INTERSTELLAR (Christopher Nolan)
Opens 6 November: The latest in Nolan’s non-Dark Knight, ‘I’ films (Insomnia and Inception count towards the superstition), this one is a full-blown sci-fi adventure with a stellar cast of astronauts exploring a newly discovered wormhole in space to see if there’s somewhere on the other side mankind can go and live. This is going to be unavoidably massive.
JIMMY’S HALL (Ken Loach)
Opens 13 November: Ken Loach has been making politically and socially aware film and television for 50 years. His latest is similarly progressive despite being set in 1930s Ireland. A young radical returns to his home village after ten years in exile and reopens the local hall, allowing education, social interaction and — potentially — political activity to take place. This threatens the establishment, who determine to prevent such a thing.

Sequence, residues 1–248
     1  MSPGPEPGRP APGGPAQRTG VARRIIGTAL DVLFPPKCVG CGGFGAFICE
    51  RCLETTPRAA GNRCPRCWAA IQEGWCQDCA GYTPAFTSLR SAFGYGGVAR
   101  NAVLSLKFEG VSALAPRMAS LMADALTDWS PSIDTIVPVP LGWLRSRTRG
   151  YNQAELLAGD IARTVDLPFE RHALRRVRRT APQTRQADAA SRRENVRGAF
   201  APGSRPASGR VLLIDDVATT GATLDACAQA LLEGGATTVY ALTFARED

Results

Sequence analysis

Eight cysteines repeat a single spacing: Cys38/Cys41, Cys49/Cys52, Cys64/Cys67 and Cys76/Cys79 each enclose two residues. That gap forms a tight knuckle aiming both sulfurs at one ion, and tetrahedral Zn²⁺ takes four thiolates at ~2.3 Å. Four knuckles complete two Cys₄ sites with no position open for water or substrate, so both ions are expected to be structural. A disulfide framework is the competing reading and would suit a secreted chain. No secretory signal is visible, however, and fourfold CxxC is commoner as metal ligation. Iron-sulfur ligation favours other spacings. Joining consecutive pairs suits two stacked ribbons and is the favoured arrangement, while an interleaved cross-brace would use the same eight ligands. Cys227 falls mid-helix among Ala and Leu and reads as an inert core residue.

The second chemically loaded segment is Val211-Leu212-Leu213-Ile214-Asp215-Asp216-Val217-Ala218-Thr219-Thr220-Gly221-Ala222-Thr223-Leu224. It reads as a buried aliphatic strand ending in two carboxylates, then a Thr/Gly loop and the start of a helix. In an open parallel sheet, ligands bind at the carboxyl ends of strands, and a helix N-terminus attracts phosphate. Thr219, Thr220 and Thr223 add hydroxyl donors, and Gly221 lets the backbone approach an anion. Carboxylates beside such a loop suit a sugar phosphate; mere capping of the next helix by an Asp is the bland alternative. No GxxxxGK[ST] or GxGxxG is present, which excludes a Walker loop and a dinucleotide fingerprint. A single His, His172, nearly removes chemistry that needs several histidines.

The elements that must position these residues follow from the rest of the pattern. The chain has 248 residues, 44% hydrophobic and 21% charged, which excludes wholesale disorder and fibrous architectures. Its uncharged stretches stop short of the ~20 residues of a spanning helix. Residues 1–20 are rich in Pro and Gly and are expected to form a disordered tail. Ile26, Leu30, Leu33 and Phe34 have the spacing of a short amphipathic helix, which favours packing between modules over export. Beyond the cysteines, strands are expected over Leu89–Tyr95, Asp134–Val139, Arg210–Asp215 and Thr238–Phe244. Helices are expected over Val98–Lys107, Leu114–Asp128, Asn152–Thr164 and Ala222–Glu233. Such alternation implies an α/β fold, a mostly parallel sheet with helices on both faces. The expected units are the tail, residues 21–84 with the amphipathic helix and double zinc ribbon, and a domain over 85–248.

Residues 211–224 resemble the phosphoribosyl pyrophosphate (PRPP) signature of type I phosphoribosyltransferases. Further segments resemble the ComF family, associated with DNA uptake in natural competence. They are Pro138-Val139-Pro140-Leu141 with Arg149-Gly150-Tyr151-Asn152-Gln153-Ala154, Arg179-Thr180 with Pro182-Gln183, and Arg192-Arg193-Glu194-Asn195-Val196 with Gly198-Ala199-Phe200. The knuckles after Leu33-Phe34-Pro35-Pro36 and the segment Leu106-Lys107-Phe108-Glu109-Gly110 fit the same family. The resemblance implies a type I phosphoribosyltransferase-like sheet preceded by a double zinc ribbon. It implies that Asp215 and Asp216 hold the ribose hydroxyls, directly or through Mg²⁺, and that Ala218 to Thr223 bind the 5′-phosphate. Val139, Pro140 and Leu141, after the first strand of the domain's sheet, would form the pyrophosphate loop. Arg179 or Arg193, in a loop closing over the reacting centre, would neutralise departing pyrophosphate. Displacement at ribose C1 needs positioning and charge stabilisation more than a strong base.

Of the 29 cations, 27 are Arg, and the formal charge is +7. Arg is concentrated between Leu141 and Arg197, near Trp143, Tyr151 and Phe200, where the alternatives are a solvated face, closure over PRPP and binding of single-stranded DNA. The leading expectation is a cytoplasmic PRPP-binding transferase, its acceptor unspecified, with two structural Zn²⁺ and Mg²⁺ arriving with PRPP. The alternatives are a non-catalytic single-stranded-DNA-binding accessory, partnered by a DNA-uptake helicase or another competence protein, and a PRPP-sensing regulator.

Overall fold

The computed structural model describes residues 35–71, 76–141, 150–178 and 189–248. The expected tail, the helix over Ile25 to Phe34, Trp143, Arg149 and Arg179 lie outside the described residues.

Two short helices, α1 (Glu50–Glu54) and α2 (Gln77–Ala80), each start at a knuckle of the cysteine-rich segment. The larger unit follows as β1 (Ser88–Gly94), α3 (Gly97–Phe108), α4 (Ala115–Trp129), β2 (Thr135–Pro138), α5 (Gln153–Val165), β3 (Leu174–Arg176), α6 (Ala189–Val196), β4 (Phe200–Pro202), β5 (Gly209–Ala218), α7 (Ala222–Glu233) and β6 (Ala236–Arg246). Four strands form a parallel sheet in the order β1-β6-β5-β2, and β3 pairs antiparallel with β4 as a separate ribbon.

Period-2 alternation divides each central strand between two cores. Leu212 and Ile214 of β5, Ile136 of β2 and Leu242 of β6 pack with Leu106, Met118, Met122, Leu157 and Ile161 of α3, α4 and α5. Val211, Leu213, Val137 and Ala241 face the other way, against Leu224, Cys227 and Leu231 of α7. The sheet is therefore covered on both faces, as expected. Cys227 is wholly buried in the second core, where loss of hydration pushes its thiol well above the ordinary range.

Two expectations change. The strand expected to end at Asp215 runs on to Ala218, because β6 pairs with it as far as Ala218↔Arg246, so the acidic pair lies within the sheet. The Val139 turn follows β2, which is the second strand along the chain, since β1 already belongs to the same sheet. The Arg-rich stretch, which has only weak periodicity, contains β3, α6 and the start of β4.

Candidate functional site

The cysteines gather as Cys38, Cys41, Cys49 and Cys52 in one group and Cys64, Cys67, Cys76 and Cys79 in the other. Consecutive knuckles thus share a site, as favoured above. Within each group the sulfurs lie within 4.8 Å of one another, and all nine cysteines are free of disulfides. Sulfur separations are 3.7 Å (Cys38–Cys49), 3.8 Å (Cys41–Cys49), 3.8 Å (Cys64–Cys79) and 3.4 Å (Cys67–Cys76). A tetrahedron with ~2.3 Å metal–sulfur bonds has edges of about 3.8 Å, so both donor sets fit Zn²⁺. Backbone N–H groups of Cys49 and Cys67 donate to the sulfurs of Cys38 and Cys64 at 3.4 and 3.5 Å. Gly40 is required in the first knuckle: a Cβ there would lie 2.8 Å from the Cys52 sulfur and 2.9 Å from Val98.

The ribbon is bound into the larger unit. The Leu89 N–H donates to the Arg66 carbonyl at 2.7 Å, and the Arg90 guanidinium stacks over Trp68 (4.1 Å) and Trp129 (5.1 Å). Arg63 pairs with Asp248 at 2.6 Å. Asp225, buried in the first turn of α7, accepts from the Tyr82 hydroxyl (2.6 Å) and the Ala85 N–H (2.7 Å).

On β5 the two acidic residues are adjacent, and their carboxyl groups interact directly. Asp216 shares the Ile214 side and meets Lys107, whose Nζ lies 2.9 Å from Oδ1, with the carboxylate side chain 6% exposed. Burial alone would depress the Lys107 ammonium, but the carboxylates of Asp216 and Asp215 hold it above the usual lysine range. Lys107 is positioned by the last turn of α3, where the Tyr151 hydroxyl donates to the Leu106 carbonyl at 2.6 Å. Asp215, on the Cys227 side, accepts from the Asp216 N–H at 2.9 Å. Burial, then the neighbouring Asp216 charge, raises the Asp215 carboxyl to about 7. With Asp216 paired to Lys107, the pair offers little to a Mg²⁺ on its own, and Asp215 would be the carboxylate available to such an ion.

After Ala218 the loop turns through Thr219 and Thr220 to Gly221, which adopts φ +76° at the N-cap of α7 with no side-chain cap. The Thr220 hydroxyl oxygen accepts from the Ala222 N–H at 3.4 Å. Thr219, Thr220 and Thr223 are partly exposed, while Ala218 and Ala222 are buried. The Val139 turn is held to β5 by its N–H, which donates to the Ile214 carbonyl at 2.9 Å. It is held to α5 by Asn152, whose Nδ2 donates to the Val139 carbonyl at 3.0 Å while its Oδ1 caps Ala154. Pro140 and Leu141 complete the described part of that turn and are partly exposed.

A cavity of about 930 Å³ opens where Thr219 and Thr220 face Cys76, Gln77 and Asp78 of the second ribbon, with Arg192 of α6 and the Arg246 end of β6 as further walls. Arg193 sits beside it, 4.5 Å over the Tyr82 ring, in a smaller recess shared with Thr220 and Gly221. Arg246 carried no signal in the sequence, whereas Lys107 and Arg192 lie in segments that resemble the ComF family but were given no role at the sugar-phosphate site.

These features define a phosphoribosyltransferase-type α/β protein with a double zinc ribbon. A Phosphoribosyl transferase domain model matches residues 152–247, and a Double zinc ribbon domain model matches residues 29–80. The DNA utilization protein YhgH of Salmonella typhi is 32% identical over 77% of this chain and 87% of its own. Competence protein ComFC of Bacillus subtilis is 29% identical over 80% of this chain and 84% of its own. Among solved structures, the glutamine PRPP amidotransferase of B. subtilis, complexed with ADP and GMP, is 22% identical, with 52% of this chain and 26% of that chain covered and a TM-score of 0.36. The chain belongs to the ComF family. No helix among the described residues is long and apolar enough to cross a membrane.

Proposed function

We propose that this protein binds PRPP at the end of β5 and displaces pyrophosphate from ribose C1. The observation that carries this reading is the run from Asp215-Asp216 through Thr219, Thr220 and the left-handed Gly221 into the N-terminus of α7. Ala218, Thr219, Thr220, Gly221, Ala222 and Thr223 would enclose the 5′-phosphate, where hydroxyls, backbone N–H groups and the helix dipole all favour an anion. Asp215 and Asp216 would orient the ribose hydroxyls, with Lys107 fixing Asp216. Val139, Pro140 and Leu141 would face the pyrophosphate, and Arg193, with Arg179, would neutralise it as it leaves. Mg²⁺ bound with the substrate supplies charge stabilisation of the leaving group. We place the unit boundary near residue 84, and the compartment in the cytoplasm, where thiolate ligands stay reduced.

THE GOOD LIE (Philippe Falardeau)
Opens 20 November: Reese Witherspoon bought the rights to Gone Girl for herself but then had a change of heart about appearing in it. Instead she has channelled her talent into more worthy projects like this, where she plays a Kansas employment agency counsellor who tries to help a group of Sudanese ‘lost boy’ refugees start new lives in the US.
THE DROP (Michaël R. Roskam)
Opens 27 November: In this, James Gandolfini’s last film, he plays the owner of a small Brooklyn bar that makes its real money as a place where illicit cash can be ‘dropped’ and picked up again. Written by the great Dennis (Mystic River, Shutter Island) Lehane from his own short story, it is deeply embedded in the low-life, petty crime, making-do milieu that indie Hollywood still does so well.
Small print: Release plans for all but the biggest movies are fluid these days and dates can change with little or no notice. Films may appear earlier or later (or not at all).